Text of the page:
I ran Rusty into a tree - Page 5 - The Horse Forum
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post #41 of 73 Old 08-06-2019, 05:20 PM
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Originally Posted by Acadianartist View Post
You're right to some extent @Yogiwick , that I don't immediately get harsh with a horse - or any other animal for that matter. But I'm getting more confident with Rusty. The issue is that Kodak destroyed all my confidence, so I'm just getting it back. What I've realized with Rusty is that he'll do things like shy away from something, or launch into an unasked canter, but to my amazement, I don't fall off. My heart still beats a little faster, but it's easy to stay on Rusty no matter what he does, even at full gallop down a hill. He just keeps me in the saddle, I don't know how else to explain it, whereas Kodak wouldn't stop until I was on the ground. So I'm learning to up the ante with Rusty because it works. And it's true that I didn't try a lot of things before running into the tree. I should have tried other things. But it did happen very fast, and Harley and DD were behind us so I wanted to stop Rusty fast. My first attempt was turning him into a tight circle, but he only turned about a quarter of the way in then took a stride or two and I let him go into the trees (I mean, I was pulling back the whole time, but he went forward anyway). It literally happened in seconds. So it sounds like the best course of action is for me to work at developing a quicker response in him, and for me to hammer it in my brain as well so it becomes second nature. But really, I don't mind disciplining this horse because I know he needs firm boundaries. Just like a toddler. The difference is that if I tried to discipline Kodak, she exploded even more, but when I do it with Rusty, he does respond, eventually, and I don't come off him. This is what leads me to believe I can deal with him.

Sure, it sounds worse that he decides to ignore me in some ways, but having dealt with a mare who totally lost her mind in a blind panic anytime something was slightly out of place, I'd rather deal with a stubborn horse than a panicked one any day.
Yes and I know you completely understand when "harsh" is appropriate so I don't hesitate to tell you to be meaner lol! Definitely better to have to work on being mean then the other way around!

I completely understand about keeping you in the saddle. I rode a mare that was NUTS, completely randomly explosive under saddle, every few steps even. However, she was super sweet and she WOULD NOT let you fall. I never felt unsafe riding her despite BAD spooking every 30 seconds. Definitely a good horse right there!!! He looks like a portly little fellow too, some are easier to hang on to.

I also understand everything happening so quickly, it sounds like you did what you could at the time. That's also why (in addition to working on reflexes in both of you) I say prevention is so important. It's important training wise, but the time to respond is a split second and if things were to go bad obviously you want to prevent that too.

Do look into a Kimberwicke, they are good bits. Have a curb type of feel bit can be ridden with the sort of contact you describe and are customizable in a sense. Most horses like they but they also work well for control. Very commonly used on bratty ponies, also should work well for green Appaloosas lmao!
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Last edited by Yogiwick; 08-06-2019 at 05:26 PM.
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post #42 of 73 Old 08-06-2019, 07:47 PM
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Originally Posted by Acadianartist View Post
...There is no place around here that looks like what you describe. Nowhere he can run for half a mile in an open area. It's all woodland with the odd field, but even those are littered with groundhog holes so I'm hesitant to let him run much in them.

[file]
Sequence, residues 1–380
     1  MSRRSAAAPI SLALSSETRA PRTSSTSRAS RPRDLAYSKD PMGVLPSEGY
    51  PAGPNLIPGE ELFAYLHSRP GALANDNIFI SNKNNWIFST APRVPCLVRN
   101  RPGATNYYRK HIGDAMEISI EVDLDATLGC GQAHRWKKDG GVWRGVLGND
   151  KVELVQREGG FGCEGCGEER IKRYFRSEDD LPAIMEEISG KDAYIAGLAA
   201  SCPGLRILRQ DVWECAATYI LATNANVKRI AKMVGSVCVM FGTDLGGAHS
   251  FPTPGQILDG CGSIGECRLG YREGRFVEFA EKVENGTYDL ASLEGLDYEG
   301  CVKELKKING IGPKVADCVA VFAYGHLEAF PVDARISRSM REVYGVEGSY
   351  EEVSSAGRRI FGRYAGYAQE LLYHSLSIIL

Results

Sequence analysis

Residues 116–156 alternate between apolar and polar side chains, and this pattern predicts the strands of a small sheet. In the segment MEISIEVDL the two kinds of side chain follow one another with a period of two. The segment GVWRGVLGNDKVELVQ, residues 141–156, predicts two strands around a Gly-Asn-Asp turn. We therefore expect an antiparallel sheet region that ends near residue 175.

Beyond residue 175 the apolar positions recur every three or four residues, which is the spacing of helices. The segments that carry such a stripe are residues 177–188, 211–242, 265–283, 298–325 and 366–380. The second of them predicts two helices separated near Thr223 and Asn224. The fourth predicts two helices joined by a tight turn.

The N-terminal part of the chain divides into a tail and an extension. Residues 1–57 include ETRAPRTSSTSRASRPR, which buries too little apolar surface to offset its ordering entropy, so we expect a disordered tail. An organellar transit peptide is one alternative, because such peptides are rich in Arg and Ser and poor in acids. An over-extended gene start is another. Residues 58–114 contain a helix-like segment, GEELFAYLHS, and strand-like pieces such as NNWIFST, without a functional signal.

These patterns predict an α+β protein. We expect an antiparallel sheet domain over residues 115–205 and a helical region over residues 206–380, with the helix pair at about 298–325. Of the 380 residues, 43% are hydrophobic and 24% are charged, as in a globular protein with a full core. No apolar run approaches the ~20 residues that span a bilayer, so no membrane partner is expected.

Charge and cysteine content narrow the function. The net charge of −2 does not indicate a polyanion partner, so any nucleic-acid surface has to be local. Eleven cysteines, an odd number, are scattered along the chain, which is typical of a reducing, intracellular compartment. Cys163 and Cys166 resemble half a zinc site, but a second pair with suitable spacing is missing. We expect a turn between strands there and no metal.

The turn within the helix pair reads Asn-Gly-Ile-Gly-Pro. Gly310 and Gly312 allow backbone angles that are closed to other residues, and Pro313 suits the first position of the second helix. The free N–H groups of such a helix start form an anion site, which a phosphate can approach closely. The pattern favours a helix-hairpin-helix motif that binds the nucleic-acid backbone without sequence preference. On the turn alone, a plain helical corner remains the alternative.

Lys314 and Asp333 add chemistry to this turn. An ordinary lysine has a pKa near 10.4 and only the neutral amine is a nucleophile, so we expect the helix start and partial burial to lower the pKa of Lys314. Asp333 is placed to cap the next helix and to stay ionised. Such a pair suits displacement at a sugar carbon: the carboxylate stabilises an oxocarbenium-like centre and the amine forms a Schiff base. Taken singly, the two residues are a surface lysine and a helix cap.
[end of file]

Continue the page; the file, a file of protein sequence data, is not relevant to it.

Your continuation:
I agree his canter needs tons of work. And yes, he's only cantered outside the arena a few times.

There is also no other horse I can use for brakes...
That makes things trickier. Maybe you could practice cantering in an area very close to home where he feels safe and is less excited?

I was thinking of an analogy for horses that are green.
It would be like a driver that was doing a driving course following signals they were just learning. Like if a blue light flashes, it means turn right, if a yellow light flashes, it means turn left. If a green light flashes once it means go faster, twice, it means slow down.

The driver could practice following those signals at 10 mph and do great. But in order to remember what the signals meant at 50 mph, they'd need to also practice at a faster speed. The first few tries they might go off course or try the wrong thing. It would be much easier if they were able to follow another driver who knew the signals, and that would help them choose correctly and reinforce what each signal meant.

It's quite normal to feel like a green horse steers like a big truck and needs strong cues. Harley might have started out that way too. Many times training is a progression toward lighter cues. Even my most sensitive mare required strong plow reining at the beginning when she didn't know cues.
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post #43 of 73 Old 08-06-2019, 08:06 PM
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^Completely, it's about being SUPER direct and clear and often incorporates "incorrect" riding. Some things you have to remind yourself the horse doesn't even understand what you're asking. And oftentimes that translates to stronger cues, and if the horse is intentionally misbehaving sometimes it means doing what it takes to get them in line and reevaluating your approach.
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post #44 of 73 Old 08-06-2019, 08:16 PM
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Quote:
Originally Posted by Acadianartist View Post
But sometimes, he decides he wants to run and it's not always in a place where I can allow it.

As soon as we left our usual trail to go on this new one, he started to trot, then canter.
So as he took off, I did the usual fruitless attempts to stop him.
........
Ok, so lots of things to clarify here. He doesn't decide what gait we go on a trail. He decides to take off on me, and I pull him back in. In other words, I correct it. Twice, I was unable to correct it immediately, and this last time I used a barrier to stop him. Granted, maybe not the best barrier, but I didn't think he'd actually hit it - I figured he'd stop. But to be clear, at NO POINT do I just let him go whatever speed he wishes. I do let him walk fast as opposed to walking slow, but as long as he walks, I'm ok with that.

Okay, good clarification but still: Regarding the most recent incident, in my mind, he should have never gotten to the canter at all. You said he started to trot FIRST and then canter. What did you do when he started to trot? Were you asking him to slow down and he just ignored you anyway? Or did you wait to do anything until he was cantering?